River Lee bursts banks as Cork hit by early morning flooding

Windspeeds hit 100km/h as high seas also cause problems in coastal towns

Cork is again counting the cost of the bad weather after a combination of heavy overnight rain and high tides caused flooding in low-lying parts of the city this morning.

A high tide at 8.46am, together with huge water volumes flowing down the River Le, led to flooding in low-lying parts of the city centre. Areas adjacent to the south channel of the Lee where the river came over the quay walls were also affected.

Sharman Crawford Street flooded after the south channel spilled out into Wandesford Quay and both areas were closed to traffic while further downstream O'Sullivan's Quay, George's Quay, Union Quay and Copley Street had all flooded on the southern side of the South Channel.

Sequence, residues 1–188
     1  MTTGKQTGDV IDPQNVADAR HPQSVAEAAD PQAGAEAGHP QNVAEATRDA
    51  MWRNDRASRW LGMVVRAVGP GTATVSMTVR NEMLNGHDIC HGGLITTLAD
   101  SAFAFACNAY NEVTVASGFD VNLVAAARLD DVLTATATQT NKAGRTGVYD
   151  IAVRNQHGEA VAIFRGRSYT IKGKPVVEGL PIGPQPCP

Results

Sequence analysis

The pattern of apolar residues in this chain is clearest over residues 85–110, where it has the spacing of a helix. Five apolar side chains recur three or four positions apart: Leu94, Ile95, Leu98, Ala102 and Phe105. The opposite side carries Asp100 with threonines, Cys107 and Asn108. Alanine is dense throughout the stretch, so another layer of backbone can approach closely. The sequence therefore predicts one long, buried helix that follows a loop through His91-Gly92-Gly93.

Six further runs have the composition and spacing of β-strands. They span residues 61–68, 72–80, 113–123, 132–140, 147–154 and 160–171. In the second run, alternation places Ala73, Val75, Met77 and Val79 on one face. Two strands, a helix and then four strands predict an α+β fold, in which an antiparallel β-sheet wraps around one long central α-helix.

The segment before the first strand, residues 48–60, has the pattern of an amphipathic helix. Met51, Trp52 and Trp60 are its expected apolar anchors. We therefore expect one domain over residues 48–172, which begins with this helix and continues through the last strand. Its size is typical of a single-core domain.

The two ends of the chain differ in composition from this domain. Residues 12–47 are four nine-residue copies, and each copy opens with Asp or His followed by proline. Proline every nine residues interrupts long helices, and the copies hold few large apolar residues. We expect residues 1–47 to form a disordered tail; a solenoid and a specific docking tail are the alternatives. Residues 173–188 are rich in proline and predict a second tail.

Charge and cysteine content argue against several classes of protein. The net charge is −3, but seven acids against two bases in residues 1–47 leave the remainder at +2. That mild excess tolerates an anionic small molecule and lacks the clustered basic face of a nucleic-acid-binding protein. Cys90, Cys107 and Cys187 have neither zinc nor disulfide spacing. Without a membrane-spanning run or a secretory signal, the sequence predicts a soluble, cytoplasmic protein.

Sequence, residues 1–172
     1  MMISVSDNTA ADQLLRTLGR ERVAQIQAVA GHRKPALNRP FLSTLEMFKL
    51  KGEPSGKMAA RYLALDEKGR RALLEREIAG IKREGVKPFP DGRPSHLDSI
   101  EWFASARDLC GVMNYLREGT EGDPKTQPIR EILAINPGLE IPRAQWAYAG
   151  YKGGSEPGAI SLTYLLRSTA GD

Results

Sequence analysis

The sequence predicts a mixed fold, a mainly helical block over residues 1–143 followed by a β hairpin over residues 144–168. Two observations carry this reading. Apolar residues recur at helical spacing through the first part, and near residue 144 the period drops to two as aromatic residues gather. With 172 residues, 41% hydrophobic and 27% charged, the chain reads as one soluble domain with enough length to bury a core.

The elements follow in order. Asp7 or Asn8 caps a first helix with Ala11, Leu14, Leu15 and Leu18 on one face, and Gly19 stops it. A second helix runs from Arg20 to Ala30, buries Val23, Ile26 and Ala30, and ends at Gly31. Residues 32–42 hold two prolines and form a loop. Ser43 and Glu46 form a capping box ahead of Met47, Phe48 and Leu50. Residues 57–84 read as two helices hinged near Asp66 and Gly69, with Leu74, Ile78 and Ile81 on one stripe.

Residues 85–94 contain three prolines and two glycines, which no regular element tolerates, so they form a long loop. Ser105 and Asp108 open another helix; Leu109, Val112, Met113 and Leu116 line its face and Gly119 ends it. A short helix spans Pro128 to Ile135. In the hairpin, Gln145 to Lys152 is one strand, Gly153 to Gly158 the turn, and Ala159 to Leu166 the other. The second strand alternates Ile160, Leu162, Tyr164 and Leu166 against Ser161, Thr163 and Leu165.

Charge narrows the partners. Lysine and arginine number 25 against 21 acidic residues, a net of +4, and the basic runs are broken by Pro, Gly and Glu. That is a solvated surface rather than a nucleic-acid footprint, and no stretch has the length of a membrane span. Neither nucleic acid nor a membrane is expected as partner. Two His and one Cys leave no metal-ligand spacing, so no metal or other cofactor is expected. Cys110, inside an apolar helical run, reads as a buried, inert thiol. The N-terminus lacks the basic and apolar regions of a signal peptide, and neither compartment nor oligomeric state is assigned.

Morrison's Island also flooded, damaging several cars that had been parked nearby while Fr Matthew Quay and Fr Matthew Street were also flooded as was the southern side of the South Mall.


According to gardaí at Anglesea Street, the College of Commerce on Morrison’s Island was virtually inaccessible after water flowed on to the roadway. “It’s like there’s a moat around the College of Commerce at the moment,” said one eye witness.

According to Met Éireann at Cork Airport, windspeeds hit 96km/h at 8.20am this morning. The winds veered overnight from south to south west but never became south easterly, which can cause even greater problems adding to high tides flowing upstream into the city centre.

High tides were also causing problems in the county with a high tide in the Owenacurra River causing the Bealick Road in Midleton to flood while Catherine Street in Youghal was also flooded due to high tides.

In West Cork, a high tide flooded Wolfe Tone Square in Bantry with high winds driving waves over the quay walls there from early this morning while the Durrus to Ahakista Road had to be closed again due to flooding.

Barry Roche

Barry Roche

Barry Roche is Southern Correspondent of The Irish Times